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Introduction: Fine-Tuning the UN.

In the warm glow of the peace following World War II, the nations of the world yearned mightily for a global organization that would be a forum for brotherhood, debate, and resolution of all of the problems that plagued the family of man. With the horrible carnage of the war years fresh in all minds, efforts were set in motion to ensure that such a widespread bloodbath would never again occur.

The movement was not a new one. Just after the First World War, with nations steeped in a similar environment of worldwide longing for permanent peace and revulsion for violent conflict, the League of Nations had been hopefully launched. But the League, like a child slowly strangled by cystic fibrosis, gasped for breath throughout all of its years as it was ineluctably smothered by the stubborn selfishness of its members. Set up in January 1920, the apple of President Woodrow Wilson's eye tottered through the twenties and thirties, becoming increasingly irrelevant, until a new world war rendered it altogether supine.

In 1946, the League's few remaining assets were transferred to the newborn United Nations, which had been officially established on October 24, 1945. During its fifty-nine years of existence, the UN, like the League before it, has likewise had to contend with the debilitating self-centeredness of its members, which now number 191. The fortunes of the world body have waxed and waned with the passing of time. Sometimes it was used as a pawn by the world's great powers; at other times it exercised decisive influence on global affairs, as when the UN Security Council in 1950 authorized a multinational, U.S.-led force to counter the bloody invasion of South Korea by the North.

All told, however, the UN has exercised influence in the world far beyond its relatively meager size and budget (its two-year allocation for 2000-2001 was $2.5 billion, with an additional $2 billion for peacekeeping, which pales in comparison with the U.S. defense outlay, which approached $300 billion in 2000). With its Charter heavily inspired by the United States and other Western democracies and woven tightly with the principles of human rights and compassion for the poor and deprived, the world body has acted as a moral mother lode, despite occasional scandals and appearances of political favoritism.

Over the years, it has sought to hew to its original purpose, as set forth in the Charter, of maintaining international peace and security; developing friendly relations among nations; and cooperating in solving international economic, social, cultural, and humanitarian problems and in promoting respect for human rights and fundamental freedoms. To these ends, the UN has conducted countless peacekeeping missions and development projects.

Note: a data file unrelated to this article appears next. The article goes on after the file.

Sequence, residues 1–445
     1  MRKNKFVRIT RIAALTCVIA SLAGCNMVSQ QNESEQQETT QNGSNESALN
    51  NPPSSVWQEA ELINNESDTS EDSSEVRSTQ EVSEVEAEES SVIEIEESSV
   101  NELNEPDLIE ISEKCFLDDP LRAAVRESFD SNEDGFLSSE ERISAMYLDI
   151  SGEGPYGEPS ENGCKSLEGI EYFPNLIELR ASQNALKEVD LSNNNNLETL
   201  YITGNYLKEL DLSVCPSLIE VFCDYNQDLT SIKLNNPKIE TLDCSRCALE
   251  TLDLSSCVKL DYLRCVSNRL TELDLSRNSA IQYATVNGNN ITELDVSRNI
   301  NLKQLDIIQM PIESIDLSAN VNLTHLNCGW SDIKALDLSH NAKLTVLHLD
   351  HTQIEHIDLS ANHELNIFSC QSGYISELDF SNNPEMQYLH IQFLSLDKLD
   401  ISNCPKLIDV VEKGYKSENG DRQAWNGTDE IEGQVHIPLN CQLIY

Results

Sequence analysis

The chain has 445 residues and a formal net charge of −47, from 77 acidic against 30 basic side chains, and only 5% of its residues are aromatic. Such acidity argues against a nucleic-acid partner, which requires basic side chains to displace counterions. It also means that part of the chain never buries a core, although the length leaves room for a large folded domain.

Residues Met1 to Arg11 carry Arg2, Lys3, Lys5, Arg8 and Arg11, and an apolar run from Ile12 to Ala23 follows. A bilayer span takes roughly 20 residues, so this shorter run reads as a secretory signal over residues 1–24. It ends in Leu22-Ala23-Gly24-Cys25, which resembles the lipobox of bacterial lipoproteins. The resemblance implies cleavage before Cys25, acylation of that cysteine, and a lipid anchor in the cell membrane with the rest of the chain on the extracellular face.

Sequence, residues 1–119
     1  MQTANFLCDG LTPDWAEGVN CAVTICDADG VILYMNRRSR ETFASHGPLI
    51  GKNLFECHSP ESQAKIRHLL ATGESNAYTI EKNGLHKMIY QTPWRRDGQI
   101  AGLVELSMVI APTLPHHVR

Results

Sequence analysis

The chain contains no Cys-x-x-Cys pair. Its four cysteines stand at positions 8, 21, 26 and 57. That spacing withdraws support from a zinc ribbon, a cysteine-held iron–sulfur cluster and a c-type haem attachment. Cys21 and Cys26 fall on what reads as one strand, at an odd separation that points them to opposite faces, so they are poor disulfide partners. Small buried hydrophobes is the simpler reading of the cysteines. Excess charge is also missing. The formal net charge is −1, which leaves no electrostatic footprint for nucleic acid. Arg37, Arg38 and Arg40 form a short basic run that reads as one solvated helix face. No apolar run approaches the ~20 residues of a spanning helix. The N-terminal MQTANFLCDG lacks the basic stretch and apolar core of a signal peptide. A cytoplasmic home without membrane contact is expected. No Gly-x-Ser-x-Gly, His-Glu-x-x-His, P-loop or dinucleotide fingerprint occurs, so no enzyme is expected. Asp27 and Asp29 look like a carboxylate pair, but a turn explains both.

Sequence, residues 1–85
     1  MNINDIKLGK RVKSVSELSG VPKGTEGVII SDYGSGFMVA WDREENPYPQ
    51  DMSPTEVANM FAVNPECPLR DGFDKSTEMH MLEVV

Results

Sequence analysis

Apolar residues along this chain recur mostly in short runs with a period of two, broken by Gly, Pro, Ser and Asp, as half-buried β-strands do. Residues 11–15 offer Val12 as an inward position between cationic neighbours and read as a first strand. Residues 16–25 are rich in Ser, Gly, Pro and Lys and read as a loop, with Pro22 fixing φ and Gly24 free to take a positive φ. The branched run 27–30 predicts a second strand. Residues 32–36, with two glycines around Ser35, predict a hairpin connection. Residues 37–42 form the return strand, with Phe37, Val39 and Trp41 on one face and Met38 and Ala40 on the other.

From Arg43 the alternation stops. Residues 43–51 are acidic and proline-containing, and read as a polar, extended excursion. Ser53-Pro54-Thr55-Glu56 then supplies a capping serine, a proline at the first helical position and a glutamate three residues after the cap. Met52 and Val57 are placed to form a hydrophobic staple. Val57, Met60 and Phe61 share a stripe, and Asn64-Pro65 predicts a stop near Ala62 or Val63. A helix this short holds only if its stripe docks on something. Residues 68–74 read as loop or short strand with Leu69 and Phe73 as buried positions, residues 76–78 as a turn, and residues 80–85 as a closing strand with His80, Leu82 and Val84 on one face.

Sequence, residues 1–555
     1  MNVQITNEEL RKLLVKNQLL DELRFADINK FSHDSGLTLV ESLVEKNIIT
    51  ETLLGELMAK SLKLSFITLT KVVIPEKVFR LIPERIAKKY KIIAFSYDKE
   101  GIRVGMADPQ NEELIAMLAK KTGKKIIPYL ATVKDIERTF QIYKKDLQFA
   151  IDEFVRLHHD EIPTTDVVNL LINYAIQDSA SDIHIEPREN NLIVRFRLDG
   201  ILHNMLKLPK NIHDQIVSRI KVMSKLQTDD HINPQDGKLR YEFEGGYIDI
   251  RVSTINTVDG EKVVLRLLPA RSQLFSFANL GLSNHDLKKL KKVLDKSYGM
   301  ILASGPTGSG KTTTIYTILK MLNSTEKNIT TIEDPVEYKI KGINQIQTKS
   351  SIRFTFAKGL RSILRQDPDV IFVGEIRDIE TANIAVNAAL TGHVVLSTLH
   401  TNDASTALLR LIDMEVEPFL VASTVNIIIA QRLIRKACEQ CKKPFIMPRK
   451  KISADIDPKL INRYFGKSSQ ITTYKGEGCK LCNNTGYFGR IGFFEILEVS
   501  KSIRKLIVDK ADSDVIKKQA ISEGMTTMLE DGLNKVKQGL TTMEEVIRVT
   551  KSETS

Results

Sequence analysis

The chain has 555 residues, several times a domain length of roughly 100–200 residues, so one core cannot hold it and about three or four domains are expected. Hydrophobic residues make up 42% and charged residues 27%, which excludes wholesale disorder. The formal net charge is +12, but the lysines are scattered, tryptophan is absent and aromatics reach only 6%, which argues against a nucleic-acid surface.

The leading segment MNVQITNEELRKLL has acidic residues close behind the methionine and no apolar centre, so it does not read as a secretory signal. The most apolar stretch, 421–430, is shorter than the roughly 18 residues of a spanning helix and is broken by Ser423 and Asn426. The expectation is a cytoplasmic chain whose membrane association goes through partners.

Nonetheless, its goals have remained elusive and its relevance has been increasingly questioned in a post-Cold War world in which conflict seems as persistent as ever and in which poverty seems insufferably intractable. In the following essays, The World & I delves into a handful of the issues that are most important for the UN today. Tim Murithi, himself a UN program officer, says in "Rethinking the United Nations System: Prospects for a World Federation of Nations" that the very system of the nation-state, with all of its slavish dependence on national self-interest, is an inherent drag on the UN's progress. There needs to be far more concern, he says, for subnational groups and minorities than currently exists--ultimately placing the interest of the individual human being at the center of the world order rather than the interest of the state.

Albert J. Venter, a professor at a South African university, notes in "Reform of the United Nations Security Council" that the UN's fifteen- member executive body is anything but democratic. He lays out the major complaint of most of the developing-world nations over the concentration of decision-making power in the hands of the five permanent, veto- wielding members of the Security Council--the United States, Britain, France, China, and Russia. He notes proposals for making the Security Council more democratic and representative of the family of nations, but concludes that change is unlikely until there is a major geopolitical shift in the world.

In "UN Development Goals Fall Short," Stephanie Dornschneider writes that improving the quality of life of the world's impoverished is proving to be a will-o'-the-wisp for the United Nations. The world body in 2000 adopted a set of "millennium development goals"--eight broad benchmarks for developing countries to achieve by 2015. But the goals, which include poverty reduction, improved health, gender equality, better education, and environmental sustainability, are proving to be all but impossible to achieve.
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Publication:World and I
Date:Oct 1, 2004
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